Odisha celebrates glorious maritime past
Miniature decorated boats made of banana barks, cork and paper were set out by the people of Odisha in ponds, rivers and the sea Sunday, in a traditional celebration of the state's maritime history, officials said.
Thousands of people of all age groups, as also women and children, floated the small boats near Dhabaleswar temple in Cuttack and Bindusagar pond in state capital Bhubaneswar as part of "Boita Bandana" (worship of voyage) festival.
Crowds were seen in Balasore, Puri, Konark and on Paradip beach. A large number of devotees also visited temples.
In ancient times, sea traders from Odisha known as "sadhabas" would begin their sea voyages on the full moon day of the Kartika month of the Hindu calendar, to the Indonesian island of Bali.
Those days are now gone, but people float tiny boats and celebrate the festival of "Boita Bandana" every year in memory of that past glory.
Similarly, according to a belief, the last five days of the month of Kartika, called Panchaka, are considered sacred. The last day, named Kartika Purnima, is considered the most sacred.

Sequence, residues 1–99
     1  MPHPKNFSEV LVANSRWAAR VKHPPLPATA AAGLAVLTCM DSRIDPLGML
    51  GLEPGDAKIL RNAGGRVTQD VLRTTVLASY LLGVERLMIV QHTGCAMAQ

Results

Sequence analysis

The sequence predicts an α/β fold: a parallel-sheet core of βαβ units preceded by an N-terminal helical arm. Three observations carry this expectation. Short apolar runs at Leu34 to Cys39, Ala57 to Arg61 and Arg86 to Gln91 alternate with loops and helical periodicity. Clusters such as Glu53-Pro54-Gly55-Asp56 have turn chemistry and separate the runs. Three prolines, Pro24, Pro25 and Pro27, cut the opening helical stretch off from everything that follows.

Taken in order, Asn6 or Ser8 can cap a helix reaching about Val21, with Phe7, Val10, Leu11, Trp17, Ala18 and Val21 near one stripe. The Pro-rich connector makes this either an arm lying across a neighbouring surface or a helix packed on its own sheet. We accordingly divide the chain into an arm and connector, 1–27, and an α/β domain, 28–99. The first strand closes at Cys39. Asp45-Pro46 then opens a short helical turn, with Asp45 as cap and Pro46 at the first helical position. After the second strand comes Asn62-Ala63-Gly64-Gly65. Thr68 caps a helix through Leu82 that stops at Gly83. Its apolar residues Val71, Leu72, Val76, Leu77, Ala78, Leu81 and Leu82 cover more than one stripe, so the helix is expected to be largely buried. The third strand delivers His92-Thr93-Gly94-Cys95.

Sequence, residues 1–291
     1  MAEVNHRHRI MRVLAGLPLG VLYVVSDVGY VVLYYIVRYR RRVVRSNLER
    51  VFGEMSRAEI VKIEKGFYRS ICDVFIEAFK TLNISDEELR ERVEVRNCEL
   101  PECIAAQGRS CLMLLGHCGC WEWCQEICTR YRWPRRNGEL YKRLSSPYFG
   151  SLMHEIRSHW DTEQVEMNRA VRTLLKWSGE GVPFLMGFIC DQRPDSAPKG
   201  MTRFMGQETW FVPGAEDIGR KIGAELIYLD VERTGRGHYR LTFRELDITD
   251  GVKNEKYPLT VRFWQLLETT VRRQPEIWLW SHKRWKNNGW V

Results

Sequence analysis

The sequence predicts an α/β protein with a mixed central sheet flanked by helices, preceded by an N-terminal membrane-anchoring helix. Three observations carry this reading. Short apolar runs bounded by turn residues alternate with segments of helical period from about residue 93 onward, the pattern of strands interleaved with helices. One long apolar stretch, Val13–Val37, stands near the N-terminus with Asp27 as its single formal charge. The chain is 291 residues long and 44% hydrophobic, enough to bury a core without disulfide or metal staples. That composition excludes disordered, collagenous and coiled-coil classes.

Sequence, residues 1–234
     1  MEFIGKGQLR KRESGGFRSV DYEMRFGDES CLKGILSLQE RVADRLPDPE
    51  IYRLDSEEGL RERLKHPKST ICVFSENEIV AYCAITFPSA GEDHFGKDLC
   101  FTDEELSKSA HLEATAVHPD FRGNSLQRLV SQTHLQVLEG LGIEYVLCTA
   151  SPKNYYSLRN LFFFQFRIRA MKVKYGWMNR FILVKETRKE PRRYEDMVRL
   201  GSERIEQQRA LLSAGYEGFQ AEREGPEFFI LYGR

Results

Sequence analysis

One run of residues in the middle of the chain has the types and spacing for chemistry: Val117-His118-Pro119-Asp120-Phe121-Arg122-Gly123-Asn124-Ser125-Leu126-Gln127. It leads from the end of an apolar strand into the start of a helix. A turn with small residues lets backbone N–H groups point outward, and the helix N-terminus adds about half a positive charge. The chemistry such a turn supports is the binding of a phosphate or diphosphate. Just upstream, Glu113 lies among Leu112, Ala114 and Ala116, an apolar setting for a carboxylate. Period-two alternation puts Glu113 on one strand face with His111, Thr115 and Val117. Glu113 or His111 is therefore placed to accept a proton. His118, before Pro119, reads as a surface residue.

It is believed that those who take a dip in the sea, in rivers of ponds on that day and visit the temple early in the morning get absolution from their sins.
Hundreds of thousands of devotees visited the Jagannath temple in Puri, about 56 km from here, during the pre-dawn hours to have a glimpse of Hindu deity Lord Jagannath.
On this occasion, the government organises week-long trade fairs -- named "Bali Yatra" (voyage to Bali) -- in Cuttack and the state's port town of Paradip. Rituals are also held on a smaller scale at Chilika Lake.
The fair at Kila Maidan on the riverbank of Cuttack, 26 km from here, is the biggest trade fair in the state. More than 100,000 people visit it, on average, at this time of year.
(Posted on 17-11-2013)